They were told how impressed folks are with GU’s big nonconference win here 16 months ago – against a distracted Stanford team that was coming off a big win over Texas.

Another message, unspoken but implied during Friday’s press conference:

The Big Dance is more like a mosh pit when your partner in the paint isn’t Santa Clara or Pepperdine.

That’s a lot to absorb going into Gonzaga’s first-round NCAA game Saturday afternoon against host Stanford.

Fortunately for wing Chandler Smith and her teammates, they received some timely, distilled advice from GU legend Heather Bowman during a recent practice in the Bay Area.

“She told us that she never regretted missing a shot, but did regret when she played timidly or not going 100 percent all of the time,” Smith said.

“The idea is really having fun, playing your best, but not putting too much pressure on yourself.”

If that sounds like another mixed message, guard Laura Stockton has one that’s perfect for the moment.

“We just have to be ourselves,” Stockton said before the Zags took the floor for Friday’s practice.

On Saturday, against a balanced Stanford, that means getting off to a solid start, or at least better than the 13-point hole they found themselves in after one quarter against Oklahoma in last year’s NCAA opener.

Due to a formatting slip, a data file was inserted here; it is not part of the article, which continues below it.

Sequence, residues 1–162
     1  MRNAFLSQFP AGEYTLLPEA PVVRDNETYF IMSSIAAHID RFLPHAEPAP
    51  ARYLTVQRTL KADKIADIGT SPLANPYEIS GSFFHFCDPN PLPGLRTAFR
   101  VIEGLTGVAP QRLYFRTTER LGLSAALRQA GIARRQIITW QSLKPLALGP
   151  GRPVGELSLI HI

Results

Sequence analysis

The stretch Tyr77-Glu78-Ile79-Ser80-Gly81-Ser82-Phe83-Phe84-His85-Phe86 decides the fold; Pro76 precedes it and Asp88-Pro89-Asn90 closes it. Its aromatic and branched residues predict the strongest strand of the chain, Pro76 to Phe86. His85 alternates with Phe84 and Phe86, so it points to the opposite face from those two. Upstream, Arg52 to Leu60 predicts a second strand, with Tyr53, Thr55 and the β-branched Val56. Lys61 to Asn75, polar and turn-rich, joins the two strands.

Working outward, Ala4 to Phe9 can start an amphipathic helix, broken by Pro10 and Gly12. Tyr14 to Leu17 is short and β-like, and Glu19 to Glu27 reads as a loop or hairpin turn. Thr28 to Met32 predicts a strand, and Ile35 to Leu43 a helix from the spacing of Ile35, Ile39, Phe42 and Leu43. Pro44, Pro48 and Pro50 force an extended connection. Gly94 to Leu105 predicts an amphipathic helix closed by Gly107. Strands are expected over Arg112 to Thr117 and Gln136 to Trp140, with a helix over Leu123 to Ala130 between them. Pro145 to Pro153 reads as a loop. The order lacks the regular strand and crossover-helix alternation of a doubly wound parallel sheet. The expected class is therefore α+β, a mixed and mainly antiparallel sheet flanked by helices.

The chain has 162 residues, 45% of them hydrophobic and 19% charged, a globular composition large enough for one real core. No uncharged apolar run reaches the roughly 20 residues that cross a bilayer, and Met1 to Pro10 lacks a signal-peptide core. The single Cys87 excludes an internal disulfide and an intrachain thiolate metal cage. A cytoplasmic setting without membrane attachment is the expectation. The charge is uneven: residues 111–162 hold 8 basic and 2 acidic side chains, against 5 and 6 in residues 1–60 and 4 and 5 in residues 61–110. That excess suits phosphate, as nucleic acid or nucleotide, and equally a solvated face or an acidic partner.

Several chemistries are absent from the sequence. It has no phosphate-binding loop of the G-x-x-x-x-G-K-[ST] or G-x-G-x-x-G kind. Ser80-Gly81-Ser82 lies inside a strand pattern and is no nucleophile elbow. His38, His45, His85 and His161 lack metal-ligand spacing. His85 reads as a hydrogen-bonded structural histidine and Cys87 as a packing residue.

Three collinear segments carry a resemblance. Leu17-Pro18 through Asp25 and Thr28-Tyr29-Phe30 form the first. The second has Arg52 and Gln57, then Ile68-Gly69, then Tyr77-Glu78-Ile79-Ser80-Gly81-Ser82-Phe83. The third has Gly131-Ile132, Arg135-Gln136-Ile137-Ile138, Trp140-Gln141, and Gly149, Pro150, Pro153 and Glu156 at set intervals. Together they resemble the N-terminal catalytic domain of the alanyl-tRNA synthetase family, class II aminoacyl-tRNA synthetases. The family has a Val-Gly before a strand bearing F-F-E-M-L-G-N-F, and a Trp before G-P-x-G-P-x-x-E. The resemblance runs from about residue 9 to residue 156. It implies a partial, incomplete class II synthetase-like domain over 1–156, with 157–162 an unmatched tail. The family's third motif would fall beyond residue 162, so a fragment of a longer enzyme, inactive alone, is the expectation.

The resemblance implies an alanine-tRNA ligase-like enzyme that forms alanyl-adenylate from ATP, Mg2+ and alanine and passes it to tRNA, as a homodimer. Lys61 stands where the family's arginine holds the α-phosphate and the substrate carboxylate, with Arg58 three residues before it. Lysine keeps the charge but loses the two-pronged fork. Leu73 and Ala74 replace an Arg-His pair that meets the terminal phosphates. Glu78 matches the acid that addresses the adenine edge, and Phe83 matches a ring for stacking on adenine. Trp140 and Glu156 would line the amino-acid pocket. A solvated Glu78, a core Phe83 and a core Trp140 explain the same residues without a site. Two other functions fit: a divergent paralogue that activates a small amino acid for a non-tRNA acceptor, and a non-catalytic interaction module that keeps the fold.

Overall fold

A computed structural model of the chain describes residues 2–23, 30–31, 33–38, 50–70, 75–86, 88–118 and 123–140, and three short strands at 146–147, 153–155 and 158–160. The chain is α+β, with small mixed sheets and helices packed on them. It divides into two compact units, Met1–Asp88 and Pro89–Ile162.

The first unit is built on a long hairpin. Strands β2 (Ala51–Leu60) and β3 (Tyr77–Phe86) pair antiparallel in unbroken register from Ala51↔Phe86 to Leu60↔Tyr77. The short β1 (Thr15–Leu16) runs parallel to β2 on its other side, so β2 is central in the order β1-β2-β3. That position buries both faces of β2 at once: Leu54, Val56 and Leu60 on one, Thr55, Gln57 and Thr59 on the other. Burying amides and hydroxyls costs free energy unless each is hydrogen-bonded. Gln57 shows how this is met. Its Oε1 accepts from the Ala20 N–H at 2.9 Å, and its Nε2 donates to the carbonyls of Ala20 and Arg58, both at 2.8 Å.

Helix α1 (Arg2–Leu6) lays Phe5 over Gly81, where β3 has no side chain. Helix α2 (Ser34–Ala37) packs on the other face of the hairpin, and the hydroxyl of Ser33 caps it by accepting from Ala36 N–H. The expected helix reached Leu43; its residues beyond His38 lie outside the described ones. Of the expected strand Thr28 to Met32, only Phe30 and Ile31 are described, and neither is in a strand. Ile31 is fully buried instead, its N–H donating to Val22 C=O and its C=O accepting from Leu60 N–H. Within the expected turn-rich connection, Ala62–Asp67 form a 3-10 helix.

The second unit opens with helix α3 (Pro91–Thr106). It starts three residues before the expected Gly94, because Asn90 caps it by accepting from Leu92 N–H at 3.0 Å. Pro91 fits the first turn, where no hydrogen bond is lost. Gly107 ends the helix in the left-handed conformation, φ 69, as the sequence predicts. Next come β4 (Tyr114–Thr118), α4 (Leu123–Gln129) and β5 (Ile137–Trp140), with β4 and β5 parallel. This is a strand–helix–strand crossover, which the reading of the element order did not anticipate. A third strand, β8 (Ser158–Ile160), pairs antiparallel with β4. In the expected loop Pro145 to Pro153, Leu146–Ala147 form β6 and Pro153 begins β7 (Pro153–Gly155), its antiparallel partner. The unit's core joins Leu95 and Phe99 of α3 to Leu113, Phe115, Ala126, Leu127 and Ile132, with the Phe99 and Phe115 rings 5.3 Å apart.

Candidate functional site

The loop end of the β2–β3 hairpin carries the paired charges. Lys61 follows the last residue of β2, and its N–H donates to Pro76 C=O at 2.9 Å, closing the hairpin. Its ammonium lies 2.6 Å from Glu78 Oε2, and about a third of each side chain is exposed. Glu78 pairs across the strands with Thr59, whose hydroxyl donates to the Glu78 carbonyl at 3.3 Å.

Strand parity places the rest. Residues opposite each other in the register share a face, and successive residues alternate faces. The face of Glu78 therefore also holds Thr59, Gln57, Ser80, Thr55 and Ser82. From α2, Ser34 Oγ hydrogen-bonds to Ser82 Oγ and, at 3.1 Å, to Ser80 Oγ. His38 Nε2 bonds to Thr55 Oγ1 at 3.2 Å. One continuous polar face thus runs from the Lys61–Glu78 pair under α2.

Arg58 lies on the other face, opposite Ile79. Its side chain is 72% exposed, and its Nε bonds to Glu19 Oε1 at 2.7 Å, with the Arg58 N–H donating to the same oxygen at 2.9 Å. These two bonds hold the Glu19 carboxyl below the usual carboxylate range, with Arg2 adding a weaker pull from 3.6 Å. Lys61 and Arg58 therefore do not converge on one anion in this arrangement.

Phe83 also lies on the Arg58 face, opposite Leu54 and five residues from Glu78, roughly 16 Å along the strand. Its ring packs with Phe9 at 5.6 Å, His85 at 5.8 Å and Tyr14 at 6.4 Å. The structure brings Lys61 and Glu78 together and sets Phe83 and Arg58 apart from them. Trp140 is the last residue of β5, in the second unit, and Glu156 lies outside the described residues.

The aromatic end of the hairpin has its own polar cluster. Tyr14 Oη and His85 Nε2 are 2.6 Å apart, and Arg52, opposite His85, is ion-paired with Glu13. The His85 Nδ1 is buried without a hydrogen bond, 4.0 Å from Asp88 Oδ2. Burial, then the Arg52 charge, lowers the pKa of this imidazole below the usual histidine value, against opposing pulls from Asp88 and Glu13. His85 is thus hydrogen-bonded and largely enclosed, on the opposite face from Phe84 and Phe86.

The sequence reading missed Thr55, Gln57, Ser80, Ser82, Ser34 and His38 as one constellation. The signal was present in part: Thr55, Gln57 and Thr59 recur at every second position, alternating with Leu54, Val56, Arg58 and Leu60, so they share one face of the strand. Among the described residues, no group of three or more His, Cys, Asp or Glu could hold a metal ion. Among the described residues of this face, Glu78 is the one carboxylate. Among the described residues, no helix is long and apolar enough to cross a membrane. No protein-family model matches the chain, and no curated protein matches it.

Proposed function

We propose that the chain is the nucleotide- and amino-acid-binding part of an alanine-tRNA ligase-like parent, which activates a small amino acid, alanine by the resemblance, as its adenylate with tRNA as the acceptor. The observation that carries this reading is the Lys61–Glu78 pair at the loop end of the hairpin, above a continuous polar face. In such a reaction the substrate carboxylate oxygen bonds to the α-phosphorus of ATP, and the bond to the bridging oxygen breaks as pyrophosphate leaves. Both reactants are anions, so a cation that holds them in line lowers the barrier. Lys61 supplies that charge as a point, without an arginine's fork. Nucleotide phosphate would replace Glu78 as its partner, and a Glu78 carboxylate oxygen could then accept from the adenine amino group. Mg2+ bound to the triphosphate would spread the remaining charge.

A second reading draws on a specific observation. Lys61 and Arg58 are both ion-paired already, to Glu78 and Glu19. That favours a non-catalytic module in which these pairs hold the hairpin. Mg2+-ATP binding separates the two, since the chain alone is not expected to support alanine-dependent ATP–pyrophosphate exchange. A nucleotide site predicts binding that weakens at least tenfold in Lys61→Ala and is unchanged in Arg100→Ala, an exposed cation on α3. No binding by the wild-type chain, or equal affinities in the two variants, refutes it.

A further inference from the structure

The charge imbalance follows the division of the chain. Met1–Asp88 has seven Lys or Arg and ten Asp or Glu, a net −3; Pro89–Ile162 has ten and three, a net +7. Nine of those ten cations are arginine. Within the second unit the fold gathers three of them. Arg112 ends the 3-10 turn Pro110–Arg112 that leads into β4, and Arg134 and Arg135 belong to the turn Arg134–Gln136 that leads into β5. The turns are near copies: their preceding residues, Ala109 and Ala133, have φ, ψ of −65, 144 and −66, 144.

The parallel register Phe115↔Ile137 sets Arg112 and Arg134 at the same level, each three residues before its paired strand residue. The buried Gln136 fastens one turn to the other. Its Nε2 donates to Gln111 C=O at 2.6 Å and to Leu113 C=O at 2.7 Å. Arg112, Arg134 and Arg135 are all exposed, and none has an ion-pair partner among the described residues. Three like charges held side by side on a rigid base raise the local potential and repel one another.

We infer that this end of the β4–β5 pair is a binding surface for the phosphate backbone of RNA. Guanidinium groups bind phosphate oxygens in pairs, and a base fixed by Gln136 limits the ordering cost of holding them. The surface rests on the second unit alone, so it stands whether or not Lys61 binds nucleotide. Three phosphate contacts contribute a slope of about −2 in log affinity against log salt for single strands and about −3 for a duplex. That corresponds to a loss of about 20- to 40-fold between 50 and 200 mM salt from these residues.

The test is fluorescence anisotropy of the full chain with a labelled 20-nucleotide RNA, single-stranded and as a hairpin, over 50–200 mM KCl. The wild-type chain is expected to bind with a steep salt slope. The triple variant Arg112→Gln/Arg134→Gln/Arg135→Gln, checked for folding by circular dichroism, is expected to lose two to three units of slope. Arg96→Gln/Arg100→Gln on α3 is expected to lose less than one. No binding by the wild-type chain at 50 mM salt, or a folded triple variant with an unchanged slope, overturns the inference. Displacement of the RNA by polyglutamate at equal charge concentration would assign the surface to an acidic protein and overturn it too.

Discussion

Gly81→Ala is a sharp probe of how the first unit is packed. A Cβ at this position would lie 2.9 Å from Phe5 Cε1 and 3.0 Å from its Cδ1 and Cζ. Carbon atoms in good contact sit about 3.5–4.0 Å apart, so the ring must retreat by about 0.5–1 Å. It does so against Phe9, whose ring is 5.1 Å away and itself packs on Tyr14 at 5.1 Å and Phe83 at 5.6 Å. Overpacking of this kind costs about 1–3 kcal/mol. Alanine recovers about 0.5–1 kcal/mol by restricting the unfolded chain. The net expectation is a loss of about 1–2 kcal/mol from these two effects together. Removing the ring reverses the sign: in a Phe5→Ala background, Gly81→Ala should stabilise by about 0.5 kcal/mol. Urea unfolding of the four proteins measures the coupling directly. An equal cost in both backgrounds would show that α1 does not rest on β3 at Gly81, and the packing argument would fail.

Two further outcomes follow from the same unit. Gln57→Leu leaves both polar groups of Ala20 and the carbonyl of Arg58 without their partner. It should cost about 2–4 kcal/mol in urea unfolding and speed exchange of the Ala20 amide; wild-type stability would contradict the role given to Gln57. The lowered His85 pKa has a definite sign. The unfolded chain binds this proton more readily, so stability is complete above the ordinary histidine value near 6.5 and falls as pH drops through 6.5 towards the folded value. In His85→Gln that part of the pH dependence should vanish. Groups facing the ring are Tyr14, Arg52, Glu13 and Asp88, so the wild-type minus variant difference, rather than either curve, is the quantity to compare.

Assuming they do that, the Zags need to feed the ball to West Coast Conference Most Valuable Player Jill Barta, whose strong post play and outside shooting will be a load Stanford.

The 6-foot-3 Barta averages almost 19 points and 8 1/2 rebounds. She punishes overaggressive defenses by hitting 87 percent of her foul shots.

Barta was the Zags’ main offensive weapon in their 68-63 regular-season win at Stanford in 2016.

“We just have to be as ready as we were that year,” Barta said before practice Friday at Maples Pavilion.

Fourth-seeded Stanford (22-10) will be ready, too. Waiting in the paint will be 6-3 forward Kaylee Johnson.

Asked about Barta, Johnson said, “We have seen players like that and it was almost like good practice playing against players with a good outside shot, good post moves inside.

“We know it’s going to be a challenge but looking forward to stepping up to it.”

If you’re counting, Johnson spoke in first-person plural, so expect Barta to face frequent double teams wherever she goes.

A key to the game may be Barta’s patience in the paint, finding the shooters.

Guards Emma Stach, Stockton and Smith have heated up lately, shooting 38 percent from long range in their last four games.

“It’s a confidence booster, especially when we started in the beginning (of the season),” Stach said. “But I think just like making the right reads during the game and just like looking for open teammates, so I think that’s just like playing together.”

If Stanford has a weakness, it’s turnovers. For the season, the Cardinal have committed 463; their opponents only 424.

Also, Stanford is a mediocre free-throw-shooting team, hitting 63.9 percent.